It's worth remembering that CRLF line endings can come from more than just interactions with Windows systems. For example, when pasting file content into text boxes, line endings will typically be converted to CRLF and it's up to the server back-end to convert them back again if necessary. This is because the HTTP standards require it, and it's done by your web browser irrespective of the platform on which it's running.
The only problem of which I'm aware with CRLF line endings in Python is that if the shebang line ends with
^M then it won't be interpreted correctly. I would have expected Python itself to cope fine with CRLF line endings other than that.
I'm a little puzzled by the problems you're having with applications behind sub-URLs. I've only used Flask on PA myself but I haven't had any such issues. Are you using the
@app.route() decorator to define multiple entry points? Or are you having trouble getting variable substitution to work?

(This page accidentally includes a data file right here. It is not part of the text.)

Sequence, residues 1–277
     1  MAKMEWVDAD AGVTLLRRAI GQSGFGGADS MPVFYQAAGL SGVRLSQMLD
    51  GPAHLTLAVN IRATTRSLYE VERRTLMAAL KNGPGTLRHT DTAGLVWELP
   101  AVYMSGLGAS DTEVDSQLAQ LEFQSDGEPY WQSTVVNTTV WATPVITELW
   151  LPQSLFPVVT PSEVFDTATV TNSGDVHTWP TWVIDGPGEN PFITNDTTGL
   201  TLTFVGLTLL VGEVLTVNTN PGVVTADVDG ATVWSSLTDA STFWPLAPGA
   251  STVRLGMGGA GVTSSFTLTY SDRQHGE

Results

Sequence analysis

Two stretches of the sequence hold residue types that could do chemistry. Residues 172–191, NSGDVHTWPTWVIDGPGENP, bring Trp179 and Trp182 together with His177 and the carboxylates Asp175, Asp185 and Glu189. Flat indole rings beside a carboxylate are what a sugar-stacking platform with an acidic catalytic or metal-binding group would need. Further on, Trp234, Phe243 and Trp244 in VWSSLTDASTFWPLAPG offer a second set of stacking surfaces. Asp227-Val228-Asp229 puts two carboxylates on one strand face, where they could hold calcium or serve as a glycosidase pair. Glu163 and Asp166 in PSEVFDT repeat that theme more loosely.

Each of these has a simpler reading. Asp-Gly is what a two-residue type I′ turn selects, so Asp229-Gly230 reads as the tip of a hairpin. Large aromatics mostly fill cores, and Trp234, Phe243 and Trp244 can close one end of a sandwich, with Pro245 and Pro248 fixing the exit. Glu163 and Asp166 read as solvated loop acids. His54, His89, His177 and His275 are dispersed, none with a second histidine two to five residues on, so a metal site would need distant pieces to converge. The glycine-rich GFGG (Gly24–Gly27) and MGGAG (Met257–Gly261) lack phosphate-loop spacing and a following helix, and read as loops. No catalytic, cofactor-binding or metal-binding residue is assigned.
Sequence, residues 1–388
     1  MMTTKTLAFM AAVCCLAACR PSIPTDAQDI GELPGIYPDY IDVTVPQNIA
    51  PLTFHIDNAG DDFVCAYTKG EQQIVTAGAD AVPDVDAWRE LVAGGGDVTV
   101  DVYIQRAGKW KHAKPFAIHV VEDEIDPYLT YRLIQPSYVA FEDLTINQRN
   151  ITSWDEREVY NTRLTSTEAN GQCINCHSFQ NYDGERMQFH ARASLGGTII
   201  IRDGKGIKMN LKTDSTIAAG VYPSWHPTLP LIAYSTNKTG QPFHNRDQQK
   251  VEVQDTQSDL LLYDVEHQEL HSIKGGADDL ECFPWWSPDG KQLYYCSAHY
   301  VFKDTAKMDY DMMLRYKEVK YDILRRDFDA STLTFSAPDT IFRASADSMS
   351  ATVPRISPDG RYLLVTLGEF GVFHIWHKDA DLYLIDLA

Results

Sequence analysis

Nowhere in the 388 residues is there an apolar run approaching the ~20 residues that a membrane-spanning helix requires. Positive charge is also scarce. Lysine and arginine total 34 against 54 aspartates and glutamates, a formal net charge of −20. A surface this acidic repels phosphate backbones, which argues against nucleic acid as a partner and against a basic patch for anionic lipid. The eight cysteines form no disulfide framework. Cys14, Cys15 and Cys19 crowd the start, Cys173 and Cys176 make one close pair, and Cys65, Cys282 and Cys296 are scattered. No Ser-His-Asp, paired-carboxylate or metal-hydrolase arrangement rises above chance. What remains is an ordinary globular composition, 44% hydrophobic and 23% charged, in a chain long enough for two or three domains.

One thing to be aware of - if you assign a decorator like this:
... then you'll get a 404 error if you try to put a trailing slash on the URL - this sometimes confuses people. If you put the trailing slash on the route specification then Flask will automatically send redirects from the non-slash to the with-slash version:
With regards to putting Python "behind CGI", WSGI applications always need to run behind some front end which talks HTTP - WSGI applications cannot parse HTTP requests on their own, they're effectively library code which is invoked by the actual webserver. There are dedicated application wrappers which can be used (uWSGI, for example), but these tend to be quite poor at serving static content so they're often placed behind a standard webserver which reverse-proxies to them (Apache, nginx, etc.). Alternatively, webservers often have WSGI interface modules (e.g. mod_wsgi for Apache) which can be used. Either of these solutions works fine.
It's true that several frameworks (Flask among them) have debug modes which can be invoked directly - these tend to use a pure-Python HTTP server for debugging and development use. These are typically never recommended for production use, however, as they tend to be insecure and low performance.